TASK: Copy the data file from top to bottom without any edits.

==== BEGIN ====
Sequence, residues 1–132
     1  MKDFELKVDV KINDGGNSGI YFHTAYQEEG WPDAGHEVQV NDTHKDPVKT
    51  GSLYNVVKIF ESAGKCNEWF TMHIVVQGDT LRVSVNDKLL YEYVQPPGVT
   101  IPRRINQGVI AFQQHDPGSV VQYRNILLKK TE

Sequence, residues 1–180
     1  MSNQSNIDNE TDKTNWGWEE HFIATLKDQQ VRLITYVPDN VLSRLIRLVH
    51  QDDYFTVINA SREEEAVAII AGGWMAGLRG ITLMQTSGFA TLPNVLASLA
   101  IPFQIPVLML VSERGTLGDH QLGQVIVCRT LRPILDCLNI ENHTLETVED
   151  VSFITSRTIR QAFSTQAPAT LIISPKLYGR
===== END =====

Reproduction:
Sequence, residues 1–132
     1  MKDFELKVDV KINDGGNSGI YFHTAYQEEG WPDAGHEVQV NDTHKDPVKT
    51  GSLYNVVKIF ESAGKCNEWF TMHIVVQGDT LRVSVNDKLL YEYVQPPGVT
   101  IPRRINQGVI AFQQHDPGSV VQYRNILLKK TE

Sequence, residues 1–180
     1  MSNQSNIDNE TDKTNWGWEE HFIATLKDQQ VRLITYVPDN VLSRLIRLVH
    51  QDDYFTVINA SREEEAVAII AGGWMAGLRG ITLMQTSGFA TLPNVLASLA
   101  IPFQIPVLML VSERGTLGDH QLGQVIVCRT LRPILDCLNI ENHTLETVED
   151  VSFITSRTIR QAFSTQAPAT LIISPKLYGR